Good point, Jake. And if you get burned out, the next time you won’t want to do that project at all.

  4. Cleva

    I am “newly” at home and I needed this list. Its amazing how quick the day flies by. It seems like as soon as I get going, the kids have to be picked up. Thanks for this.

  5. Carol J. Alexander

    Glad to help, Cleva. I think it’s so much easier when you’re in the workforce and have someone telling you what to do than being at home. Just too many temptations to distract from the task at hand.

  6. Teisha

    Great article!

  7. Cherie

    Carol – Great article. Many of these suggestions are those our household has adopted from the books Eat That Frog and Getting Things Done. Do the thing you dread the most first (eating the frog) and break those big tasks into “the next step.”

    Asking myself “What is the next step and can I do it now?” puts me in action since it might be something small & doable in the moment.

    The power of the pen is also key for me. I make my lists the night before since I’m not a morning person. As I wake from my morning fog, I only have to look down and see where to start.

  8. Carol J. Alexander

    Thanks, Cherie. Love the name of that book. Will have to look that one up. And lists are something I should have added–on stickie notes!

  9. L Cole

    I used to be a home health nurse, and I would schedule one of my favorite patients to start my day with a laugh, then do my least favorite. I would also try to end my day with another favorite. At home, I have to keep telling myself, “No, you need to finish THIS first. Then go do That.” Getting a least favorite chore done first does help. If I have a ton of laundry to fold and put away, I put in a favorite tv show and fold it all at once while watching it.

    • Carol J. Alexander

      We don’t have a TV, L Cole, but just yesterday I was thinking while ironing, “I should have put in a movie while I did this.” You’re right. Distraction is a good way to get through a mindless task.

    • Holly

      DVD’s are the only reason my husband has ironed shirts to wear for work, lol!

  10. Resa

    I had to laugh as I read your article!! That’s exactly what I do – I’m self-employed and I have to do the worst part of my day first like making the phone calls – I tend to have more energy in the morning to deal with difficult customers. On the 15 minute task by task – It really does work! With 4 boys, laundry was always a problem for me (till they began doing their own). Folding clothes for 15 minutes then moving on makes the pile go down a little each time & I don’t get bogged down or lose momentum for the other rooms! I always thought I was weird for how I clean house, but it’s good to know someone else uses the same method!!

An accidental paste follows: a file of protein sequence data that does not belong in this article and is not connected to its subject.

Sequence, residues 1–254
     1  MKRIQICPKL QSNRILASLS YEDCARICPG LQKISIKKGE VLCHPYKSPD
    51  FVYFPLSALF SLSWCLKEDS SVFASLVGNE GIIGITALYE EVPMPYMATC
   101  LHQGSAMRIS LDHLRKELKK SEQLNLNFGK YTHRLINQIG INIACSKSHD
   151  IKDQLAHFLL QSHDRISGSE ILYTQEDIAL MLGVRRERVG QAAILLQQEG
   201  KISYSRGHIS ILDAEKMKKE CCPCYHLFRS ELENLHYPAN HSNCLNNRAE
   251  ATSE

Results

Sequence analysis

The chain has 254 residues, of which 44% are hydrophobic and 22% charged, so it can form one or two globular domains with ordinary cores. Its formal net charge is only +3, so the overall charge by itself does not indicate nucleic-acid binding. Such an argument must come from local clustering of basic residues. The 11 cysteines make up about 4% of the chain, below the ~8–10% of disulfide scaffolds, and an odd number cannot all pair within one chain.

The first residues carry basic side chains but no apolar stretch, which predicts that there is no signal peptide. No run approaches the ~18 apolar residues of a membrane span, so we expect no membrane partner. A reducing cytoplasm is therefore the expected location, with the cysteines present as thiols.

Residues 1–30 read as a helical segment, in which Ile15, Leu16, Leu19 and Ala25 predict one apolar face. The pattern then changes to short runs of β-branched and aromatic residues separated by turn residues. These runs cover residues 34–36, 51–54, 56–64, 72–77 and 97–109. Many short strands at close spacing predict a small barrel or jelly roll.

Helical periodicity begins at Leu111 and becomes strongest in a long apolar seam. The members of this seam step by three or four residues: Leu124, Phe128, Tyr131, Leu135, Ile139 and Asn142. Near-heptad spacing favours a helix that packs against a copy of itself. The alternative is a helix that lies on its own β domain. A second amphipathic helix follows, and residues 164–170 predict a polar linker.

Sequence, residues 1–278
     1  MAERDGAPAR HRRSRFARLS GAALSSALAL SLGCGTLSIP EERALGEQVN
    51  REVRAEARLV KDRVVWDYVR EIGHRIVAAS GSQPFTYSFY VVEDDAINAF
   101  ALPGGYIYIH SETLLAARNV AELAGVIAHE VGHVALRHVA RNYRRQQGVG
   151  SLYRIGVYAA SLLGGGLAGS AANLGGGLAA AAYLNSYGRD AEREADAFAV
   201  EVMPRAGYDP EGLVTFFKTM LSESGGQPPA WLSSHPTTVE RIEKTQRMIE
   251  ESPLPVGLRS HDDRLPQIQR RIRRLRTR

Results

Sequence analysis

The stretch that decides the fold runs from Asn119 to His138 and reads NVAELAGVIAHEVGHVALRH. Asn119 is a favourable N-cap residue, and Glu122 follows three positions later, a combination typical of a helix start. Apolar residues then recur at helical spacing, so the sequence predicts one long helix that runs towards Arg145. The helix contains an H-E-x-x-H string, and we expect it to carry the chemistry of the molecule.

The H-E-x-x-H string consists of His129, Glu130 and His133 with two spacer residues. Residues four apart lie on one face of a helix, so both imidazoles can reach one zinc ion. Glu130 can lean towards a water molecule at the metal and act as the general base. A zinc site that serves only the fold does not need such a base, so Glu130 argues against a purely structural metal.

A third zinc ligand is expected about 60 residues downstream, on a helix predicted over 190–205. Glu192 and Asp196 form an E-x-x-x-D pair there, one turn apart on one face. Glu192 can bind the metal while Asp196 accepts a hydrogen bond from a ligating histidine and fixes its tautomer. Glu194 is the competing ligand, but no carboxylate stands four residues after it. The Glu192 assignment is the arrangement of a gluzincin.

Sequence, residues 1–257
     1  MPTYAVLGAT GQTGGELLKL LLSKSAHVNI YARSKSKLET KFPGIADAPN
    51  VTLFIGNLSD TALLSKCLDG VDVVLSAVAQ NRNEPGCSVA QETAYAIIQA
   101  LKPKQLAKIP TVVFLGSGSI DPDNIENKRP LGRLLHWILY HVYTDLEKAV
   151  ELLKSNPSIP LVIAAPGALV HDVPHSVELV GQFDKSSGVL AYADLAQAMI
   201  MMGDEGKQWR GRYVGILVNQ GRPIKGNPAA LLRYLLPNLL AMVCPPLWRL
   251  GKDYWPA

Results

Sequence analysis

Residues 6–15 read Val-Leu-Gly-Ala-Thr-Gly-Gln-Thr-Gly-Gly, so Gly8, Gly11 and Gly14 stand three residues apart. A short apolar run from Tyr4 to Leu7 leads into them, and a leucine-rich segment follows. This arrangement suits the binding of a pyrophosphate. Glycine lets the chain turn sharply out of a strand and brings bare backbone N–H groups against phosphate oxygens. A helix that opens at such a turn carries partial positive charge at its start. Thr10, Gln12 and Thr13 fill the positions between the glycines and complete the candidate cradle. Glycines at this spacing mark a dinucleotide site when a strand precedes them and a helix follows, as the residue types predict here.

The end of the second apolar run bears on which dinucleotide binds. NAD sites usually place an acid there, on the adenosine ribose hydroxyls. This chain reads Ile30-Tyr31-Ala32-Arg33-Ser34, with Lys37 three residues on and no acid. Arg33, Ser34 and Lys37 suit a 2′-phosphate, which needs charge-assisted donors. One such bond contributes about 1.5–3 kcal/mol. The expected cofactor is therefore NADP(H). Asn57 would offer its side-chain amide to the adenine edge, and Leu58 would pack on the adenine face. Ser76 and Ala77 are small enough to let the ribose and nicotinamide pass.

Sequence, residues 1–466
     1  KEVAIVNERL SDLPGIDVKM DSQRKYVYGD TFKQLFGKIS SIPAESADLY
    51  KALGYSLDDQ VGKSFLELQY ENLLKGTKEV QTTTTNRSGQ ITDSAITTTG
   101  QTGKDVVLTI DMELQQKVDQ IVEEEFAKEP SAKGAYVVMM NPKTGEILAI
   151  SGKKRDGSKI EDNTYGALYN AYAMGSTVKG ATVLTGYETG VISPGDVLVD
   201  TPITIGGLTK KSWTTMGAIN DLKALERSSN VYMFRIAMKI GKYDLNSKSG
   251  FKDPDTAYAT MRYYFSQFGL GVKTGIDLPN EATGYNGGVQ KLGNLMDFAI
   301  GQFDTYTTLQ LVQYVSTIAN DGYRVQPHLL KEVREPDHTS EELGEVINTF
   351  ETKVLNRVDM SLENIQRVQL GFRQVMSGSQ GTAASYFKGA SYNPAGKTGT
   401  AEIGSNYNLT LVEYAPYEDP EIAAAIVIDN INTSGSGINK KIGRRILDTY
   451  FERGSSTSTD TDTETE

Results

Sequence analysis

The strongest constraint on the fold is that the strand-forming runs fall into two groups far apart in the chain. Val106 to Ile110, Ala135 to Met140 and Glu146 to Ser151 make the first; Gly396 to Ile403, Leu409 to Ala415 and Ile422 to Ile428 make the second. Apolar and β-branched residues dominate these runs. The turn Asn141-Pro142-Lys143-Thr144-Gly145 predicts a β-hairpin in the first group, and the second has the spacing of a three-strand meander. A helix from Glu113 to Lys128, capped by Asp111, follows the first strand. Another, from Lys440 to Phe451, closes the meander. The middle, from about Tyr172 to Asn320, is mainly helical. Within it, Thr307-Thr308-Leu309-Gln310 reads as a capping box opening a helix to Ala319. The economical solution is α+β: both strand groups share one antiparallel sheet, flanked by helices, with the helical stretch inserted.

Thanks for the encouragement!!

    • Carol J. Alexander

      Thanks for sharing, Resa. And I’ll tell my boys there’s someone else out there like me. Cause the 15 minute deal drives them nuts.

  11. Joolie

    When I house clean (which is less often than I should) I do the least necessary things first; the things I’ll be tempted to blow off if they were left until later when I’m losing momentum. The bathroom is done last because I can’t even pretend it isn’t too bad, and because it offers the greatest return on my investment!

  12. jerrylewis

    I agree just like what I have posted on the blog before this, that we all have the same time and it is up to us on how we spend it. It is all about self management and how we do things in a way that makes everything fall on its proper place.

    great post and thanks for sharing. POINTS TO PONDER

  13. Debra

    I like what the article said about self-management. It’s something I struggle with. I love (seriously, love) my calendar. It helps me to write down what I need to do and keep appts straight.

  14. Carol J. Alexander

    Oh Debra, I’m constantly on the look-out for the perfect planner. One that is stuck to my forehead would be great. That way I can’t lose it under a pile of papers and forget it exists. 😉

  15. Tiffany

    Thank you so much for this article. I find myself starting projects and never finishing them, which leaves me frustrated and just giving up. I end up sitting down to “get my mind in order,” and end up lollygagging!

    I will definitely be putting these suggestions to use. I will get started first thing Monday morning!

  16. Karen Lange

    These are great tips, Carol! Have much to do in the coming weeks, so will keep these in mind. Doing the worst task first – I try to do that. Some days I am better at it than others. 🙂

  17. Christa

    I’m a photographer and mom of six children (ages 3-10). Staying home with them, educating them at home, and everything else I do requires all of what you listed. Love it!

  18. Elina

    This is a very wise approach to getting things done! I enjoyed your article, Carol.